Academic journal article Journal of Cognitive Psychotherapy

Examining the Specific Facets of Distress Tolerance That Are Relevant to Health Anxiety

Academic journal article Journal of Cognitive Psychotherapy

Examining the Specific Facets of Distress Tolerance That Are Relevant to Health Anxiety

Article excerpt

Researchers have called for examinations of associations between distinct facets of distress tolerance and specific forms of psychopathology. We examined associations between five facets of distress tolerance (intolerance of uncertainty, ambiguity, frustration, negative emotion, and physical discomfort) and health anxiety using a large community sample of adults. Structural equation modeling was used to examine associations. Intolerance of uncertainty, negative emotion, and physical discomfort were the only facets of distress tolerance that shared unique associations with health anxiety after accounting for the overlap among the facets of distress tolerance. Intolerance of physical discomfort shared an especially strong unique association with health anxiety. These results highlight facets of distress tolerance that are particularly relevant to health anxiety. Conceptual and therapeutic implications are discussed.

Keywords: distress tolerance; health anxiety; intolerance of uncertainty; intolerance of negative emotion; intolerance of physical discomfort

Distress tolerance is a construct that purportedly underlies multiple forms of psychopathology and has been defined as "the perceived capacity to withstand negative emotional and/or other aversive states" (Zvolensky, Vujanovic, Bernstein, & Leyro, 2010, p. 406). To better understand the potential transdiagnostic importance of distress tolerance, Zvolensky et al. (2010) called for examinations of (a) the associations between distress tolerance and forms of psychopathology and (b) whether specific facets of distress tolerance share stronger associations with certain forms of psychopathology than do other facets of distress tolerance. According to Zvolensky et al., studies examining these two issues could ultimately lead to the use of specialized psychological interventions that target the facet(s) of distress intolerance of particular importance to a given form of psychopathology.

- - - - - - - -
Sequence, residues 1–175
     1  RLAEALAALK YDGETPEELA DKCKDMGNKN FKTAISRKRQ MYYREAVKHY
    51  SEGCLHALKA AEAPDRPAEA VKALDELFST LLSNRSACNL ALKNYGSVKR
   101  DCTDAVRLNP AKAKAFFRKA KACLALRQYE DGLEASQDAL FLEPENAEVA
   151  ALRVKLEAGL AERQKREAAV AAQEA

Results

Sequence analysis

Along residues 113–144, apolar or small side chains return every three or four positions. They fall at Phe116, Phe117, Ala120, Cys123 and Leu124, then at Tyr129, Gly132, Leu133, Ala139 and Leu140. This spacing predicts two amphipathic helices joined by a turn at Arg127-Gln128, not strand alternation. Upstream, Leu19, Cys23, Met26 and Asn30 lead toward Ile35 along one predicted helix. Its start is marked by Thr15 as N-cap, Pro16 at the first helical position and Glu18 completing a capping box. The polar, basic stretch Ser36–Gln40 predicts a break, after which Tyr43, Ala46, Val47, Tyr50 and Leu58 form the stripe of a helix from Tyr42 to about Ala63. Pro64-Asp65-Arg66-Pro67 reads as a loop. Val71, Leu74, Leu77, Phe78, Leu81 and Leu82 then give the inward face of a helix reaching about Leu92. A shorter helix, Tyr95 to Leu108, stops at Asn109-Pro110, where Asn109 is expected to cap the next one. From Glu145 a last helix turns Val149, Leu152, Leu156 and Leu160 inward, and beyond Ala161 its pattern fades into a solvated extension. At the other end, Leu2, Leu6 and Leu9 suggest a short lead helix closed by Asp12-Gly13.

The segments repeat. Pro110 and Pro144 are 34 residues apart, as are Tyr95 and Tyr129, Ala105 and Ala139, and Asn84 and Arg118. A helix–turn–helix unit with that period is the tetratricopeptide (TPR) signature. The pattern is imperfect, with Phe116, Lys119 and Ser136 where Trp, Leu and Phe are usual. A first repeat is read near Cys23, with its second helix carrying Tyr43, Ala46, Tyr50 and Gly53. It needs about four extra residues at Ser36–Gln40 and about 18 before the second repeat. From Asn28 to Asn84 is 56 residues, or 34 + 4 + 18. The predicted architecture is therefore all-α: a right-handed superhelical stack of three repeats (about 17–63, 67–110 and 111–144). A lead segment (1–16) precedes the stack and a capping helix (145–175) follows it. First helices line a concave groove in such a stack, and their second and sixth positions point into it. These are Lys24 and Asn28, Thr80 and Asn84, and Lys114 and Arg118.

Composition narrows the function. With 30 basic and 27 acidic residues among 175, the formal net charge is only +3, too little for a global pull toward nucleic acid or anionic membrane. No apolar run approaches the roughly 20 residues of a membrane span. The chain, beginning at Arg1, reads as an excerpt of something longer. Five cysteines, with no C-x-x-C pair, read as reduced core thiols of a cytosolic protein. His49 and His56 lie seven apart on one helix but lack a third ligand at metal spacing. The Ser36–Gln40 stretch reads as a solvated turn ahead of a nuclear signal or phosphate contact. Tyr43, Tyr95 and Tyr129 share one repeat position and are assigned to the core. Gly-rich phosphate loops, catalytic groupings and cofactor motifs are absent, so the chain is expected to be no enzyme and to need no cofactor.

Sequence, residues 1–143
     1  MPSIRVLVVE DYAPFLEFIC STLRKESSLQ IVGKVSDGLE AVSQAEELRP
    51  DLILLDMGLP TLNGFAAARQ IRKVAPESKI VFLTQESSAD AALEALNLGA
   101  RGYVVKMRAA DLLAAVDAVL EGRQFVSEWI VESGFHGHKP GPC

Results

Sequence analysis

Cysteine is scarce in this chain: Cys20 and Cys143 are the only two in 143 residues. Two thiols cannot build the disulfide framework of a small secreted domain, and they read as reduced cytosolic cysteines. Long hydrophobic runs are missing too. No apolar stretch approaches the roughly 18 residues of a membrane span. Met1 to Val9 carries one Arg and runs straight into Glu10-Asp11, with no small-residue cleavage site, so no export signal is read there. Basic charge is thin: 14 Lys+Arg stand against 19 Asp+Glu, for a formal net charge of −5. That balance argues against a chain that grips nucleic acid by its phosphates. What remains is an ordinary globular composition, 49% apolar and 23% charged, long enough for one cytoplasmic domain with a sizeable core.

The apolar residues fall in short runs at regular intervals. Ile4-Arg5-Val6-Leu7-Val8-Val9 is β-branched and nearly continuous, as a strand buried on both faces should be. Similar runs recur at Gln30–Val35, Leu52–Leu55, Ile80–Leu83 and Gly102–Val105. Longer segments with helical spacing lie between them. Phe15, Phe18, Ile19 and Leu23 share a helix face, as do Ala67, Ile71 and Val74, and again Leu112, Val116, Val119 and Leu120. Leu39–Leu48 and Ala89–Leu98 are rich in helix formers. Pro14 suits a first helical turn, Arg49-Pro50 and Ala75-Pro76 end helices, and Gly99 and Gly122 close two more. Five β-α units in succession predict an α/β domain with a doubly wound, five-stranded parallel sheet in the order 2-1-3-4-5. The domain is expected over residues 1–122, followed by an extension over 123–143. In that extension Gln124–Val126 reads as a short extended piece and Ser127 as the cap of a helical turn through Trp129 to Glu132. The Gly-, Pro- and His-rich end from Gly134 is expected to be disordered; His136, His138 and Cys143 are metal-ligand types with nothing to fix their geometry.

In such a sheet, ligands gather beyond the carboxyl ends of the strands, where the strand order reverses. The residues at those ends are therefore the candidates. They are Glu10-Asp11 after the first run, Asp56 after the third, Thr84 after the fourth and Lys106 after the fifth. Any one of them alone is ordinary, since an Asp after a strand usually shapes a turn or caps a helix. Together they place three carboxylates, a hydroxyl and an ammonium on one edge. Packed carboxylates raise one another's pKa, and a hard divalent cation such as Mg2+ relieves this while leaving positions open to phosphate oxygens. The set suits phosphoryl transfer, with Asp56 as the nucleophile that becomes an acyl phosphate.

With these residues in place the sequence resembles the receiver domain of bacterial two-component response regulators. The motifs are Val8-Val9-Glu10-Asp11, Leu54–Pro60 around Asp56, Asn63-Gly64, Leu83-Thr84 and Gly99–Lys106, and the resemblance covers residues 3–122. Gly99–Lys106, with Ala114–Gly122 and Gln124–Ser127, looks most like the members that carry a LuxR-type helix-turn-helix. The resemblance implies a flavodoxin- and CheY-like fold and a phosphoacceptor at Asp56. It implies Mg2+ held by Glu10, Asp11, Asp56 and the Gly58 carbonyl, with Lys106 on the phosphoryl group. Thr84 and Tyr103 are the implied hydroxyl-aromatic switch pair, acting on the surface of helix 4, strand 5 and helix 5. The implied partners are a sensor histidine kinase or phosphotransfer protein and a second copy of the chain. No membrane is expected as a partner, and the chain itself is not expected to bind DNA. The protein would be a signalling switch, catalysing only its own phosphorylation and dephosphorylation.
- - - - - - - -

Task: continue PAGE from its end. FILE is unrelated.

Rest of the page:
Heeding Zvolensky et al.'s (2010) call for targeted examinations of relations between distress tolerance and psychopathology, we examined the strength of associations between facets of distress tolerance and health anxiety in this study. Health anxiety consists of four interrelated factors, including affective (anxiety about health), cognitive (dysfunctional beliefs about health), perceptual (hypervigilance to physical sensations), and behavioral (avoidance behavior, typically reassurance seeking) factors, within cognitive-behavioral models (Longley, Watson, & Noyes, 2005). Mild health anxiety is considered a ubiquitous phenomenon (Salkovskis & Warwick, 2001). However, severe health anxiety is a symptom of multiple Diagnostic and Statistical Manual of Mental Disorders (5th ed.; DSM-5) psychological disorders, including somatic symptom disorder and illness anxiety disorder (American Psychiatric Association, 2013a, 2013b). Severe health anxiety is related to several negative outcomes, such as lowered household income, interpersonal difficulties, emotional distress, and the overuse of medical services (Noyes, Carney, Hillis, Jones, & Langbehn, 2005). Thus, identifying possible risk factors for health anxiety is important to improve outcomes for individuals suffering from health anxiety (Asmundson, Abramowitz, Richter, & Whedon, 2010).

The reduced capacity to withstand body sensations has been long thought of as a core predisposing factor for health anxiety, with Barsky, Wyshak, and Klerman (1990) labeling this phenomenon as somatosensory amplification. Somatosensory amplification refers to the tendency to experience body/physical sensations as particularly bothersome. Somatosensory amplification significantly correlates with health anxiety, and the correlation is not accounted for by related variables (e.g., anxiety sensitivity; Fergus & Valentiner, 2010). In addition, somatosensory amplification interacts with daily stressors to prospectively predict greater body sensations and medical use (Barsky, Ahern, Bailey, & Delamater, 1996). …

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